FOR THE WEEK OF DEC. 20, 2010
More holiday greetings are sent with clicks, not stamps
Find a heartwarming Christmas-related story, which should be easy this week.
Look for holiday coverage, listings or ads with an online element such as a web or email address.
Spot a Christmas item involving a church or other religious theme.
Many families use memory cards instead of greeting cards to share holiday season messages, part of our growing reliance on social media and e-mail to share pictures and shout-outs. Electronic options are just part of the reason behind a drop in hard-copy cards. People are crunched for time. Stamps keep getting costlier. Printed cards, introduced in the 1800s, now seem environmentally unfriendly and so yesterday. Distant family and friends no longer anticipate annual photo cards because they see countless snapshots on Facebook or via e-mail all year. "Compared to these instant forms of communication, addressing a preprinted card and sending it via snail mail seems like an antiquated waste of time," notes marketing executive Pamela Danziger of Stevens, Pa.
Still, nearly 80 percent of those surveyed by the National Retail Federation said they're buying traditional holiday cards this month. But that's down from more than 85 percent in 2006 -- adding to tough times for the Postal Service, which recently announced it had lost $8.5 billion in the last year despite cutting more than 100,000 jobs. Americans mailed more than 1.8 billion Christmas cards last year, according to greeting card industry statistics. That's expected to drop to 1.5 billion this holiday season.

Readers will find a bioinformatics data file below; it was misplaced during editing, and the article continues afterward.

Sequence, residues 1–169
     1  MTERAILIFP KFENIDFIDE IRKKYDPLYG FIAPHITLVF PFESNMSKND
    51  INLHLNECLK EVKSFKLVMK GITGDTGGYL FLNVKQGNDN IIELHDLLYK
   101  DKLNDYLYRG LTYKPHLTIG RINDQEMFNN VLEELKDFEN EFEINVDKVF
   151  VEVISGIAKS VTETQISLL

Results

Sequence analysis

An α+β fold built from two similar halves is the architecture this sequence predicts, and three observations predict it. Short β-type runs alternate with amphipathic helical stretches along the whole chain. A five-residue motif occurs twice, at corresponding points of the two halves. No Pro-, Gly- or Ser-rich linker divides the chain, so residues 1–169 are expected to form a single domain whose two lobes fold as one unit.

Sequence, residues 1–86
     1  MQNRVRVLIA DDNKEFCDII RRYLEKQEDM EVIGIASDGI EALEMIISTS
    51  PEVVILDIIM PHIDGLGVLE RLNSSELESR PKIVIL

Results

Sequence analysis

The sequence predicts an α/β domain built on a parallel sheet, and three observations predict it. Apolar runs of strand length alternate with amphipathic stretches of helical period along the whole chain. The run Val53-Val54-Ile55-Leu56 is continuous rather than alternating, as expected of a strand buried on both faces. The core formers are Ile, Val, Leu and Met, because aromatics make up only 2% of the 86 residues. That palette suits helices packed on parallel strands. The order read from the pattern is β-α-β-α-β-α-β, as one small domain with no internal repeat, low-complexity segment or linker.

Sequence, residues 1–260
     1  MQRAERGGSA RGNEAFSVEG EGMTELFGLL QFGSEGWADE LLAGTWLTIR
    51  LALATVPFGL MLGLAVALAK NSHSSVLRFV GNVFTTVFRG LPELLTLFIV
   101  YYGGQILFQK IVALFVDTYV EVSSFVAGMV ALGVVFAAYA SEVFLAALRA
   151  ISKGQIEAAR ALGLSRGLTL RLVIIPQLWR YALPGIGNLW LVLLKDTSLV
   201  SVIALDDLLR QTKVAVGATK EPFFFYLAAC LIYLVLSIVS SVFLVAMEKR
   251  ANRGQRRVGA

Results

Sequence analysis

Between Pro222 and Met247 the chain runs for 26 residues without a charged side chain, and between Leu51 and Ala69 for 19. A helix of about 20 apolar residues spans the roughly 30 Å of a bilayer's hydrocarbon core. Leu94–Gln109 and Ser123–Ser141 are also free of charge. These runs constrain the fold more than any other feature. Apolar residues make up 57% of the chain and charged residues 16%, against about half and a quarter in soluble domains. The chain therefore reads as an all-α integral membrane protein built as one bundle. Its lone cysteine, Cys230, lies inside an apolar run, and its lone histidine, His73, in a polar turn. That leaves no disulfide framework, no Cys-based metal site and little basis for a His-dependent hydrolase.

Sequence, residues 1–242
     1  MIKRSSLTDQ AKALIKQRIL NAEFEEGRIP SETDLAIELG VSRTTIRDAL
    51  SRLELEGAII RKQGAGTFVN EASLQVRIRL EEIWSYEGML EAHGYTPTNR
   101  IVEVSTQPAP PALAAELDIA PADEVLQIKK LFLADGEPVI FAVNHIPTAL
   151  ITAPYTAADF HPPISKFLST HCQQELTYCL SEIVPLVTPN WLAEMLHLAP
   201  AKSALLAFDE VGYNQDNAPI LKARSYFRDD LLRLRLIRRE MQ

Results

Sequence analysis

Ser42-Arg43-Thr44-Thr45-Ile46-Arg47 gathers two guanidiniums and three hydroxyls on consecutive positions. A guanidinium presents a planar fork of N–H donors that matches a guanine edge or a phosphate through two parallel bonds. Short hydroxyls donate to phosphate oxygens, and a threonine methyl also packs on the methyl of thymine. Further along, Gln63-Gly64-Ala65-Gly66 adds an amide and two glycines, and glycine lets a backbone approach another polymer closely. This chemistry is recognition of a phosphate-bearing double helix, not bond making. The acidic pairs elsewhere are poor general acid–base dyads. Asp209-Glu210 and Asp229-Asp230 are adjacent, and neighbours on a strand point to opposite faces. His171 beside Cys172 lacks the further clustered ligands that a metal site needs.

This isn't just a U.S. trend. "Are twentysomethings too cool to go postal?" asks a recent headline in The Irish Times, which reports: "Fewer households in the UK will be sending Christmas cards this year, according to a study by a market-research company."
"Bah-humbug" say purists who believe Christmas -- which celebrates Jesus' birth, after all -- deserves more respect, thoughtfulness and reverence than e-greetings reflect. Some see the trend as further erosion of a religious holiday that has been secularized through spreading use of "Happy Holidays" instead of "Merry Christmas." (See video below.)
American Greetings, which says the median age of its customers is 47, hopes to lure younger buyers with cards that display digital slide shows and an iPhone app in which people can browse, personalize and send electronic greeting cards. Hallmark saw the writing on the screen years ago and began offering free e-cards in 1999 in hopes that some web visitors will buy a collectible ornament or other gift.
Traditionalist says: "A lot of my friends aren't sending real cards this year.I suspect every year it will decline, just like the rest of Western civilization." -- Peg Willingham of Falls Church, Va.
Non-sender says: "There are so many other ways to keep in touch. I stay in touch with e-mail and Facebook. It's an easy way to quickly see what people are doing." -- Erika Maschmeyer, 30, of Chicago
Merchant says: "There will always be people who are trying to keep up the standards and the old traditions. I think there will always be a need for what we do." -- Ellen Prague, owner of the card-selling Paper Shop in Winter Park, Fla.
Front Page Talking Points
is written by
Alan Stamm for NIEonline.com, Copyright 2013
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